Alongside the Porsche 918 Spyder, the McLaren P1 ushered in the era of the hybrid hypercar. At a time when people associated “hybrid” with the Toyota Prius and Chevrolet Volt, the P1 proved that electrification doesn’t require sacrifices to performance. Now, the automaker is considering an all-electric supercar, although a potential production version won’t arrive for some time.
McLaren is currently testing the waters with an EV prototype, McLaren engineering design director Dan Parry-Williams confirmed to Autocar. “We’ve got a pure EV mule and part of the reason for that is to ask how we can deliver driver engagement in a fully electric world,” he said. “But there’s still quite a journey from here to there in terms of our products.”
McLaren confirmed in its six-year plan last year that an all-electric drivetrain was in development, and we last heard the automaker was preparing an EV for launch by 2020. The report said that the new model wouldn’t replace the P1 but would slot just underneath that supercar, carrying a price tag below $1 million.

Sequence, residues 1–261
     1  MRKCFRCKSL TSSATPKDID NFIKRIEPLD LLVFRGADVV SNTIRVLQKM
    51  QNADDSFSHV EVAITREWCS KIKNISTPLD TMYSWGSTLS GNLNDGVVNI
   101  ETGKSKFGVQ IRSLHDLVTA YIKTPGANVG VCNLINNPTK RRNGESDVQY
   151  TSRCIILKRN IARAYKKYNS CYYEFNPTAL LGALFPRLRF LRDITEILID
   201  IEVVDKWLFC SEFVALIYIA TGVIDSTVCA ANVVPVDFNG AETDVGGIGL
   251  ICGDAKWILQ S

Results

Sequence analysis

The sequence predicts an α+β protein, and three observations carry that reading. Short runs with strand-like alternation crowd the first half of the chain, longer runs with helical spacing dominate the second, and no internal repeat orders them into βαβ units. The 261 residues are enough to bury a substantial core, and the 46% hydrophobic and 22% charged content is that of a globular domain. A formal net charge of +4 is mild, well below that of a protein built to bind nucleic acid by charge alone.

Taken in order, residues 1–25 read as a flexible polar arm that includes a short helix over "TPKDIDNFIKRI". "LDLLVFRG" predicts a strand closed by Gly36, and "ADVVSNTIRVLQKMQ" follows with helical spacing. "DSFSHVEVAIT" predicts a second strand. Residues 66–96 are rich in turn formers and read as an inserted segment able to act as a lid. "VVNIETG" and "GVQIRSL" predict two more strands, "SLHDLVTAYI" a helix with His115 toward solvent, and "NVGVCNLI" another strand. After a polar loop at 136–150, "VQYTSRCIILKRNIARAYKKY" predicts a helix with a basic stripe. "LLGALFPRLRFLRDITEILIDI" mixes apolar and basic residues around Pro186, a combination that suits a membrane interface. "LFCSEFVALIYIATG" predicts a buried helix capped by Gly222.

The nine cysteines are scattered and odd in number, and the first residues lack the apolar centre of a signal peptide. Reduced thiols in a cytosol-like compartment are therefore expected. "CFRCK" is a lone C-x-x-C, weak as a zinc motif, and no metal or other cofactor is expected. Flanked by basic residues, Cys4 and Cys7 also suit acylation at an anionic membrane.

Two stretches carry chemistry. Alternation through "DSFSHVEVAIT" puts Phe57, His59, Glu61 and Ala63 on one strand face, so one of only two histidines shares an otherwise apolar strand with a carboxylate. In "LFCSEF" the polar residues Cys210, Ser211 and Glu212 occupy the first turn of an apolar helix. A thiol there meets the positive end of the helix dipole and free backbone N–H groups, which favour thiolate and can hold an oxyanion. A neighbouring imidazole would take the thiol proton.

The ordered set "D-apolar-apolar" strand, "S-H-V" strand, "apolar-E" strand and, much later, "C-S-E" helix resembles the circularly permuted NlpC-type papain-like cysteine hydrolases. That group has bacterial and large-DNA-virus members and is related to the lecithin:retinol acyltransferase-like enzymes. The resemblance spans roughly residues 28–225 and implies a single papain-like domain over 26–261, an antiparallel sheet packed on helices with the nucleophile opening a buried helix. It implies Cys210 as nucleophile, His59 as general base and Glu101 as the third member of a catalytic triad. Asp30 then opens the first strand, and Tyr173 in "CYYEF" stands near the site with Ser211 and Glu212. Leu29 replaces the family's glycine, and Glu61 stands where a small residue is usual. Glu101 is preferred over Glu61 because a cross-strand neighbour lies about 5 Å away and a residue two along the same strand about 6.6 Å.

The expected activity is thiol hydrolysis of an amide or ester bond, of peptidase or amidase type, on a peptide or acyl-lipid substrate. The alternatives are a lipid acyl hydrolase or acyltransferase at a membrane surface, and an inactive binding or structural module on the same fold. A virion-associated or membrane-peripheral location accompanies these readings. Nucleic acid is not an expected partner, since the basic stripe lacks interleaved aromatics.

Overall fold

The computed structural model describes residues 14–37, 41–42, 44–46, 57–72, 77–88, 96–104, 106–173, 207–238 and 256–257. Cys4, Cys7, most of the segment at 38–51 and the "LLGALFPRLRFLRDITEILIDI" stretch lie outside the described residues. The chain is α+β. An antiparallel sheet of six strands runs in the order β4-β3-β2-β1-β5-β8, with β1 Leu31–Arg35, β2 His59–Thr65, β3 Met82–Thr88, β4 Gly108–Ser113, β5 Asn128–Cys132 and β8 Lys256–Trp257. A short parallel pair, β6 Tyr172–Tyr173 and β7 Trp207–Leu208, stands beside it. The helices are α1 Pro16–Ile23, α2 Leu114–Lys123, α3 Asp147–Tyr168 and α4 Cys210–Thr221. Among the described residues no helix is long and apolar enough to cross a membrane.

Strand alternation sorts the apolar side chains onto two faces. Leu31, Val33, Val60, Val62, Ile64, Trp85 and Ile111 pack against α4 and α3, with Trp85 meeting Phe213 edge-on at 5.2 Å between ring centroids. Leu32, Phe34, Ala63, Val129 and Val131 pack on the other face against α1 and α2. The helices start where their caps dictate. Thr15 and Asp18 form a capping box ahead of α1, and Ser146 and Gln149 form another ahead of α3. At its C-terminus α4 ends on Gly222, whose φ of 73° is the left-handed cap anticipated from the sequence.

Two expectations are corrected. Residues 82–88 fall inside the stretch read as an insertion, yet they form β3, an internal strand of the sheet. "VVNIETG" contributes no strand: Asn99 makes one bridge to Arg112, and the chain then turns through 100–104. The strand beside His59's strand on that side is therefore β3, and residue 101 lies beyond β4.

McLaren faces plenty of obstacles when it comes to building an EV supercar, Parry-Williams lamented. Battery technology remains a key issue. “Let’s say you want to drive on track for half an hour. If that was an EV, that car would have over 500 miles of [road] EV range, and it would be flat as a pancake at the end,“ he noted. “The energy required to do really high performance on track is staggering. And then you have to recharge it.” Parry-Williams also said the industry is investing more heavily in batteries that accommodate long ranges rather than batteries that deliver the power density required for high-performance supercars.
For now, McLaren seems content with internal-combustion engines. It just introduced the Senna, which delivers 789 hp from its twin-turbo 4.0-liter V-8. By 2022, however, McLaren aims for half of its new cars to feature hybrid technology.